Thursday, October 27, 2011

Pileated Woodpecker

I saw an article and film earlier today.  The film was of the Imperial Woodpecker. The article also mentioned the Cornell Uni. search to find the Ivory-billed Woodpecker in the impenetrable swamps of Arkansas. These were extremely large birds and they were dependent on the old growth forest. Loss of  habitat caused both bird's extinction. 

Pileated Woodpecker hunts for insects
Well, during a duck hunt in an impenetrable swamp in Indiana, the silence of the flooded timber was shattered by the laughing call of a pair of very large woodpeckers.  Wish I could say  I saw an Imperial or Ivory-billed but I can't , they're extinct. The bird I did see is now the largest of the woodpeckers in North America.  One of the bigger birds to be seen, it was a Pileated Woodpecker.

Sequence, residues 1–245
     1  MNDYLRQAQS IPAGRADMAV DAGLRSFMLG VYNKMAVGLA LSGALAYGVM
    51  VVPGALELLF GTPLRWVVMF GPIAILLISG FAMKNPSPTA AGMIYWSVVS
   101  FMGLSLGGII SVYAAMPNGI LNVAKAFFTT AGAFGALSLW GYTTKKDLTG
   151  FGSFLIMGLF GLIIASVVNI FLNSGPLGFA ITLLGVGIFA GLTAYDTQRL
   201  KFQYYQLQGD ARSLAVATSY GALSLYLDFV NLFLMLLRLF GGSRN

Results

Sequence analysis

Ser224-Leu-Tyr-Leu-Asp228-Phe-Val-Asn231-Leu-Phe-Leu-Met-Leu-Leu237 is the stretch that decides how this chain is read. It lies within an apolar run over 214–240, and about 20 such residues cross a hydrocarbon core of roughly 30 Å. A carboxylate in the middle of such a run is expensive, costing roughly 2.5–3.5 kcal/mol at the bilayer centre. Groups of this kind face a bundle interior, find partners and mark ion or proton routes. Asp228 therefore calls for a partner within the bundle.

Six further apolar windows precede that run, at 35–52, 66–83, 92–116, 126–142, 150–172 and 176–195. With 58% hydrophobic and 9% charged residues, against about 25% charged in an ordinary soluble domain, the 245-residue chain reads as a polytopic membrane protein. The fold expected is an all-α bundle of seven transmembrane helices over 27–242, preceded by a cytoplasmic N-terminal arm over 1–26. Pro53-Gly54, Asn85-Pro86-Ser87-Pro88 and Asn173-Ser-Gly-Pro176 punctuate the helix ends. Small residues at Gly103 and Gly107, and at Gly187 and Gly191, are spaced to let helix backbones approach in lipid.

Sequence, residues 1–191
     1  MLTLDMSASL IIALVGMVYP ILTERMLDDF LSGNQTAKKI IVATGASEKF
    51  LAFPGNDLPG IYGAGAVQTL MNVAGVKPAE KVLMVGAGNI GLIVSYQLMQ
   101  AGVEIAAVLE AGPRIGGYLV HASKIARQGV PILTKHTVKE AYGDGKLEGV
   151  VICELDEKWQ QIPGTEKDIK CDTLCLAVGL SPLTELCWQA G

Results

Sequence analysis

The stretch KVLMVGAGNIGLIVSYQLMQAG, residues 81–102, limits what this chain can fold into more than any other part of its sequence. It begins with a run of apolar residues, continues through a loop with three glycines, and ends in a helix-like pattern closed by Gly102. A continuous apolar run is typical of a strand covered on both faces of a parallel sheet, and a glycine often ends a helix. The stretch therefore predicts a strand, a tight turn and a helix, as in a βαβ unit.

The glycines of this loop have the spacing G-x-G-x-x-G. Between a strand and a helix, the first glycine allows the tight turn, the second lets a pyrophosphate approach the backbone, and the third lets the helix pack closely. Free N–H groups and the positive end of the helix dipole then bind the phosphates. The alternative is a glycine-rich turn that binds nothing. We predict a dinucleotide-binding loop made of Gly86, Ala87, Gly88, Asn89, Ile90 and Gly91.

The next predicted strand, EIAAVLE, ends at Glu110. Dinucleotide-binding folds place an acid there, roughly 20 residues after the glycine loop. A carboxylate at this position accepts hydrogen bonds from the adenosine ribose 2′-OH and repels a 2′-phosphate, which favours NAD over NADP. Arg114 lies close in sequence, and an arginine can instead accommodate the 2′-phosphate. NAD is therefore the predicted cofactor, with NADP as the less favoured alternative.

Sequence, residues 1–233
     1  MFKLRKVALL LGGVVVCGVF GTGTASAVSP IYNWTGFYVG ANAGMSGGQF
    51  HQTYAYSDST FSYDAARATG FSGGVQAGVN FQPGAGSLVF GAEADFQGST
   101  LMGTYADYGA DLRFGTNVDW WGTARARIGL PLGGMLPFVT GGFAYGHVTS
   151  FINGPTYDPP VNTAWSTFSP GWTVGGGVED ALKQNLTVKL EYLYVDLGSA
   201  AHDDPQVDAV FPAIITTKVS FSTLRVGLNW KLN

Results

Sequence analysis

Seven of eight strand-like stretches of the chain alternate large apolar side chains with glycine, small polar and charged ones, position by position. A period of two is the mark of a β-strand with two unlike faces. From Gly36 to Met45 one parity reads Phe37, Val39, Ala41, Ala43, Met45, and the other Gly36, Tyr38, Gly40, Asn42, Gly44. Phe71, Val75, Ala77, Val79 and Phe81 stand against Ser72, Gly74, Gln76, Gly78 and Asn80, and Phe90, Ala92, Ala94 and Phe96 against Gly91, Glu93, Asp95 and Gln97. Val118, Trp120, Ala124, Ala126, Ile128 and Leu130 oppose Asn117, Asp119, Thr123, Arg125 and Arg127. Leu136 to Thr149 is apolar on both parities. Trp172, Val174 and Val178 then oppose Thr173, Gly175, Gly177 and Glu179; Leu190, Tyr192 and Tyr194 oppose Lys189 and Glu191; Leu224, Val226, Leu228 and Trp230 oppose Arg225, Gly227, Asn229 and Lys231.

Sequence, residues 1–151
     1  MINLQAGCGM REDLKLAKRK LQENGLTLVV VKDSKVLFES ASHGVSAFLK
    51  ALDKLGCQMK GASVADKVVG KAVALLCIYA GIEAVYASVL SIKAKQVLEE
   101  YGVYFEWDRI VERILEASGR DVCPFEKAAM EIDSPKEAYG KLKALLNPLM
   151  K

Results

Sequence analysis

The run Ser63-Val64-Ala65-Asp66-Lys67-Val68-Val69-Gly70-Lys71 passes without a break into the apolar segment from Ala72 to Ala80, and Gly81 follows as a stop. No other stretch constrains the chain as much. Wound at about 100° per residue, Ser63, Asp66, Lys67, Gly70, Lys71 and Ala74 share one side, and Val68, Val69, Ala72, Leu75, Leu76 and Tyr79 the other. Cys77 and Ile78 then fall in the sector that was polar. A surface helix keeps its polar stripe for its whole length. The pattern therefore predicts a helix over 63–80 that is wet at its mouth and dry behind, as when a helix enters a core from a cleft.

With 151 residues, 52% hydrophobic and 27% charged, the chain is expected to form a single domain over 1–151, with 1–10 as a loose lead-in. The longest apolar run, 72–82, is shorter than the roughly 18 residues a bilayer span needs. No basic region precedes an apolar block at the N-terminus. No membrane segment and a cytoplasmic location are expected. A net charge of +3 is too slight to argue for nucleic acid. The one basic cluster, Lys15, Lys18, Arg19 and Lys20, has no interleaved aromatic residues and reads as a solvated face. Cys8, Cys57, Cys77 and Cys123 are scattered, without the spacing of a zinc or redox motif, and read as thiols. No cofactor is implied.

Big bird makes a big hole
About the size of a Mallard. Body and wing feathers are black and white,  its head is topped with a crest of red feathers. They are an impressive bird. A three inch bill is used to chip away wood in their hunt for insects.  The holes made in the trees are large, in a matter of a minute or two, this bird's hole was a six inch square and four inches deep. 

Many species of ducks nest in woodpecker holes
Many animals benefit from the work of the woodpeckers, other birds find grubs in trees that have been chipped open by the Pileated Woodpecker and many other animals expand the woodpeckers holes and use them for nesting hollows.

Black wing fringe, Pileated Woodpecker(Dryocopus pileatus)
Yea, this picture is grossly over-exposed but I like it. It's a good example of the identifying feather pattern of the Pileated Woodpecker. The black fringe on the flight feathers is characteristic of the Pileated.  The Imperial and Ivory-billed  wings are white fringed.  

Wednesday, October 26, 2011

October Buckeye

On a spring-like October afternoon, a Buckeye butterfly takes a last sip of Zinnia nectar, before hibernating for the winter. 

Tuesday, October 4, 2011